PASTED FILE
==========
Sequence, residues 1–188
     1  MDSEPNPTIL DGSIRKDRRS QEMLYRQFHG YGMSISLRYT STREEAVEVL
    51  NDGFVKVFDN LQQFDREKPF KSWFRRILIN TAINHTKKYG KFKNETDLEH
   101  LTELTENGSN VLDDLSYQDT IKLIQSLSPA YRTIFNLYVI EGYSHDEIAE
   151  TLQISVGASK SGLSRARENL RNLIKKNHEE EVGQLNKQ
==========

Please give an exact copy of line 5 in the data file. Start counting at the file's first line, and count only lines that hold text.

   151  TLQISVGASK SGLSRARENL RNLIKKNHEE EVGQLNKQ